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NATURE OF A GROUND OF APPEAL

Dictum

Grounds of appeal are meant to attack findings of a court that have bearing on the case put up by a litigant. In other words, it should be related to a decision of the court and contain complaints an appellant rely on to succeed in setting aside a decision, the ratio decidendi of a judgment, not just observations and passing remarks of a Judge in the course of writing a judgment.

– Mukhtar JSC. Nwankwo v. Ecumenical (2007)

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WHEN GROUNDS OF APPEAL ARE ONE OF LAW

In NNPC v. FAMFA OIL LTD. (2012) 17 N.W.L.R. (Part 1328) S.C. 148, this Court, while faced with a similar objection to the grounds of appeal, went ahead to deal extensively with the criteria for identifying when a ground of appeal is one of law, of fact, or of mixed fact and law. Rhodes-Vivours J.S.C., at Pp. 175 – 176, Paragraphs C – H, as follows: “…. In Nwadike v. Ibekwe (Supra), this Court explained further that: (a) It is an error in law if the adjudicating Tribunal took into account some wrong criteria in reaching its conclusion. (b) Several issues that can be raised on legal interpretation of deeds, documents, terms of arts and inference drawn there from are grounds of law. (c) Where a ground deals merely with a matter of inference, even if it be inference of fact, a ground framed from such is a ground of law. (d) Where a tribunal states the law in point wrongly, it commits an error in law. (e) Where the complaint is that there was no evidence or no admissible evidence upon which a finding or decision was based, same is regarded as a ground of law. (f) If a Judge considers matters which are not before him and relies on them for the exercise of his discretion, he will be exercising same on wrong principles and this will be a question of law…..”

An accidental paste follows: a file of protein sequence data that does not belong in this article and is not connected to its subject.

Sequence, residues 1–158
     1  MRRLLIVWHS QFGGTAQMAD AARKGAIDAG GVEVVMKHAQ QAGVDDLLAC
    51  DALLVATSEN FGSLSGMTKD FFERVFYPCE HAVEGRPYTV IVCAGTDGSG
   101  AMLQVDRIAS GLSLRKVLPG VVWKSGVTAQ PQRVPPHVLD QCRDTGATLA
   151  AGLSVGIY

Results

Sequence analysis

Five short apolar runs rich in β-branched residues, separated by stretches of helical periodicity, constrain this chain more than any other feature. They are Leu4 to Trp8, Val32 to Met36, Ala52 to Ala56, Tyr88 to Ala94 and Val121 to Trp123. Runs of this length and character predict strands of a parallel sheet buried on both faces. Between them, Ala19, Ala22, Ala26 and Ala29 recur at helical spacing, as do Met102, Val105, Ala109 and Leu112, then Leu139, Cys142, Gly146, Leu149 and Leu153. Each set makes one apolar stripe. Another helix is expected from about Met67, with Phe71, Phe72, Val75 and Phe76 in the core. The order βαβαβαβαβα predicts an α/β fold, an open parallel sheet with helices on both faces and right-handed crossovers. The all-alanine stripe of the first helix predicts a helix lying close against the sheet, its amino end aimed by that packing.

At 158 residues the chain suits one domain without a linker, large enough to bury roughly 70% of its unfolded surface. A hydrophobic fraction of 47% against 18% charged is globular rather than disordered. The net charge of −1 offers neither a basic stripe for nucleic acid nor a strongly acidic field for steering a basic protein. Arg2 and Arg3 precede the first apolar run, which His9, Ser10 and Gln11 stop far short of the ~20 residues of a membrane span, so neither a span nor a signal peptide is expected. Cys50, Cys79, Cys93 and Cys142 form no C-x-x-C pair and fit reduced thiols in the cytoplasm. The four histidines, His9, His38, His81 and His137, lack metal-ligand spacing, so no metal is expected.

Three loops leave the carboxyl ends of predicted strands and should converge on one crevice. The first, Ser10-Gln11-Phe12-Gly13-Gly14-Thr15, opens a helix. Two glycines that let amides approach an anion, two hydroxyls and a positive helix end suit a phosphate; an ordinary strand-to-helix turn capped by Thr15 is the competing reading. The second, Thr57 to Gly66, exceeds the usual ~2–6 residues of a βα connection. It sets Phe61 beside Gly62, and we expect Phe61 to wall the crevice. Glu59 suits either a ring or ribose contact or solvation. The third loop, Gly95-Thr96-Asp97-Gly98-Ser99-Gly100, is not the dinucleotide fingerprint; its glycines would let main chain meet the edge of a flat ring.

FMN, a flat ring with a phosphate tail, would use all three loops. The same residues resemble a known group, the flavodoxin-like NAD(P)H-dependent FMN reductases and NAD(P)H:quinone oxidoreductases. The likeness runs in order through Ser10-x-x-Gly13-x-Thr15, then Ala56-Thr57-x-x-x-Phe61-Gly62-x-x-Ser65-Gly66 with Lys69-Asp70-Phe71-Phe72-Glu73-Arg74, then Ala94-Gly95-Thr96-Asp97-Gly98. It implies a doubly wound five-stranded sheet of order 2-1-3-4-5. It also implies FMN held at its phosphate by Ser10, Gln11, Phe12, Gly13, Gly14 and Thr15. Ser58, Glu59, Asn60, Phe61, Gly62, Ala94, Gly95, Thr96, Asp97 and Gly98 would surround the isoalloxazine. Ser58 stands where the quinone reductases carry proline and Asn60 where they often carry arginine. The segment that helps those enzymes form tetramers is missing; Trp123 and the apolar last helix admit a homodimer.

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GROUNDS OF APPEAL SHOULD NOT BE LESS THAN THE ISSUES FORMULATED

A principle of formulation of issues in appeal is that the grounds of appeal should in no circumstance be less than the issues for determination. While the Court may tolerate equal number of grounds of appeal and issues framed therefrom, as in this case, a situation where there are less grounds of appeal than issues for determination will not be tolerated. See Agu v. Ikewibe (1991) 3 NWLR (pt. 180) 385; A-G Bendel State v. Aideyan (1989) 4 NWLR (pt. 118) 646; Ugo v. Obiekwe & Anor (1989) 1 NWLR (pt. 99) 566.

— N.S. Ngwuta, JSC. Odogwu v State (2013) – SC.122/2009

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A GROUND OF APPEAL CANNOT BE BASED ON AN OBITER DICTUM

The law is trite that a ground of appeal cannot be based on an obiter dictum. A ground of appeal is based on a ratio decidendi. An obiter dictum is, as a general principle of law, not binding on courts; a ratio decidendi is.

— Niki Tobi, JSC. Buhari v. INEC (2008) – SC 51/2008

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USE MOTION ON NOTICE TO CHALLENGE SOME OF THE GROUNDS OF APPEAL